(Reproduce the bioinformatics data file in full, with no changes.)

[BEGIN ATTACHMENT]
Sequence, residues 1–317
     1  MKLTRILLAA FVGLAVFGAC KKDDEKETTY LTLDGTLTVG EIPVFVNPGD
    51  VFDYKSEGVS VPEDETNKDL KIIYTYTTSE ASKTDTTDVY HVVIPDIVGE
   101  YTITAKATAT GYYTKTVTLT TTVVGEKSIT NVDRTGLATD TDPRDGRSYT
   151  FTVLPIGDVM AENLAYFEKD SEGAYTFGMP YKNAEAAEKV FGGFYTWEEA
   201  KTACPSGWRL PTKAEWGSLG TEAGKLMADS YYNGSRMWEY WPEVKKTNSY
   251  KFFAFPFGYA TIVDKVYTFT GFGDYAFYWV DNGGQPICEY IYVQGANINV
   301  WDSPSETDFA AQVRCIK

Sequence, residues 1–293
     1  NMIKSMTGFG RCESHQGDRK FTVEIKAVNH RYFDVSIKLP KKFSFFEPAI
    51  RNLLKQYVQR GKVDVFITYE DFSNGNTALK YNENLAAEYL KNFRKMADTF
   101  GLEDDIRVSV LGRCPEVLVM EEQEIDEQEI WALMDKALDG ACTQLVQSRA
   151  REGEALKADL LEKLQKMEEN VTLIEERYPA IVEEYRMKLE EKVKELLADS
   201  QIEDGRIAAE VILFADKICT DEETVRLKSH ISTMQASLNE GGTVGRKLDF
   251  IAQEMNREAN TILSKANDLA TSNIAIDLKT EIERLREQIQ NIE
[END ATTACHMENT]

Sequence, residues 1–317
     1  MKLTRILLAA FVGLAVFGAC KKDDEKETTY LTLDGTLTVG EIPVFVNPGD
    51  VFDYKSEGVS VPEDETNKDL KIIYTYTTSE ASKTDTTDVY HVVIPDIVGE
   101  YTITAKATAT GYYTKTVTLT TTVVGEKSIT NVDRTGLATD TDPRDGRSYT
   151  FTVLPIGDVM AENLAYFEKD SEGAYTFGMP YKNAEAAEKV FGGFYTWEEA
   201  KTACPSGWRL PTKAEWGSLG TEAGKLMADS YYNGSRMWEY WPEVKKTNSY
   251  KFFAFPFGYA TIVDKVYTFT GFGDYAFYWV DNGGQPICEY IYVQGANINV
   301  WDSPSETDFA AQVRCIK

Sequence, residues 1–293
     1  NMIKSMTGFG RCESHQGDRK FTVEIKAVNH RYFDVSIKLP KKFSFFEPAI
    51  RNLLKQYVQR GKVDVFITYE DFSNGNTALK YNENLAAEYL KNFRKMADTF
   101  GLEDDIRVSV LGRCPEVLVM EEQEIDEQEI WALMDKALDG ACTQLVQSRA
   151  REGEALKADL LEKLQKMEEN VTLIEERYPA IVEEYRMKLE EKVKELLADS
   201  QIEDGRIAAE VILFADKICT DEETVRLKSH ISTMQASLNE GGTVGRKLDF
   251  IAQEMNREAN TILSKANDLA TSNIAIDLKT EIERLREQIQ NIE